Brandon University researcher are shown whale-watching in Puerta Vallarta. According to BU geography Prof. Derrick Eberts, whale-watching is a booming sector of the local tourist trade.
Researchers from Brandon University are collaborating with one of Mexico’s most significant universities to help guide sustainable, ecologically friendly growth at a favourite tourist destination.
Brandon University representatives meet with Universidad de Guadalajara in Mexico in February. (SUBMITTED)
In February, a BU team travelled to Puerto Vallarta as part of a unique collaborative partnership with Universidad De Guadalajara, researching increased visitation to the area, including emerging opportunities and challenges for whale-watching tours and historic churches.
"Professors from BU have been working with Universidad De Guadalajara for more than a decade," said BU geography Prof. Derrek Eberts, who is studying the effects of surging tourism on the local economy and quality of life of residents in small towns and villages around Puerto Vallarta.
"The main thrust of our work is to inform public policy discussions about developing tourism in a sustainable manner."
Eberts was joined by geography department colleagues Daniel Olsen and Chris Malcolm.
"Whale-watching is a booming sector of the local tourist trade as the waters off Puerto Vallarta are an important breeding ground for humpback whales," Malcolm said.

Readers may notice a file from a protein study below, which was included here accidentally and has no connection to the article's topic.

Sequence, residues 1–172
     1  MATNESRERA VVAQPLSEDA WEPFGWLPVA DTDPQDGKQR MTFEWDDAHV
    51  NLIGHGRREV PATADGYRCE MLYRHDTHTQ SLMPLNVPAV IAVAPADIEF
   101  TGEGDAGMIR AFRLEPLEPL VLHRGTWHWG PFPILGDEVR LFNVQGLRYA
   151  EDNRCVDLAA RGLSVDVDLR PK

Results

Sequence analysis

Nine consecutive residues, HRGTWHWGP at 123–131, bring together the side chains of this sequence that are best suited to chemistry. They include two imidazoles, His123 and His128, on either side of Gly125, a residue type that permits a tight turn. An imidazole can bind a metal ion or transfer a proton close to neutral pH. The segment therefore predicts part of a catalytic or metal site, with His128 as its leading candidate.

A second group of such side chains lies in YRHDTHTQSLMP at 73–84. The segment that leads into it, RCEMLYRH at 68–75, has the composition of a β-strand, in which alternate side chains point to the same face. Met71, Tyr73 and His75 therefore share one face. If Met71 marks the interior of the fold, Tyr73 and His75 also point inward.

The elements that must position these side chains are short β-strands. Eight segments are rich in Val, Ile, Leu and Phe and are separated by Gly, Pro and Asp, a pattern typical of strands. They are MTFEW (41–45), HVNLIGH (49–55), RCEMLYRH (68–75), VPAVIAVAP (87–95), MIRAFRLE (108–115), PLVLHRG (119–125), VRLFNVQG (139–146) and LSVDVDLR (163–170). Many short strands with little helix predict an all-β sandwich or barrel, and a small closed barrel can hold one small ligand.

"We are studying whether tourists are gaining a better knowledge of marine conservation through their whale-watching experience, an important take-away which has never been fully assessed."
Meanwhile, Olsen looked at several sites near Puerto Vallarta enjoying increased attention through spiritual tourism.
"One church, in particular, is only accessible by foot," he said. "The additional tourist traffic has turned the walking trail into a litter-ground, and created friction with the church’s congregation as more and more people seek time within the sacred walls."
Robert Moore, a BU geography student majoring in environmental studies, made the trip to assist in Malcolm’s research, and a student from Universidad De Guadalajara also lent a hand in surveying whale-watching tour operators and clients. As a result, Malcolm has agreed to supervise the Mexican student’s upcoming thesis project.
"We have enjoyed strong participation by Mexican students in our research there," said Eberts, who has travelled to Mexico several times through the Agreement for International Education Co-operation between BU and UDEG.
"The university professors and administrators have been extraordinarily welcoming. On this last trip, we also did interviews with Mexican radio and newspaper reporters, too."
The current research is funded through the Social Sciences and Humanities Research Council Aid to Small Universities program, which enables small post-secondary institutions in Canada to develop and strengthen research capacity and collaboration in a particular area of the social sciences and humanities.
"BU’s formal exchange opportunities with Mexico, China, South Africa and Paraguay are an exciting opportunity for faculty and students," BU science dean Andrew Egan said.
"Collaboration, with people in other countries or right across the street, makes our university stronger and benefits all partners."
For more on Brandon University’s exchange agreements, visit brandonu.ca.
Republished from the Brandon Sun print edition March 18, 2014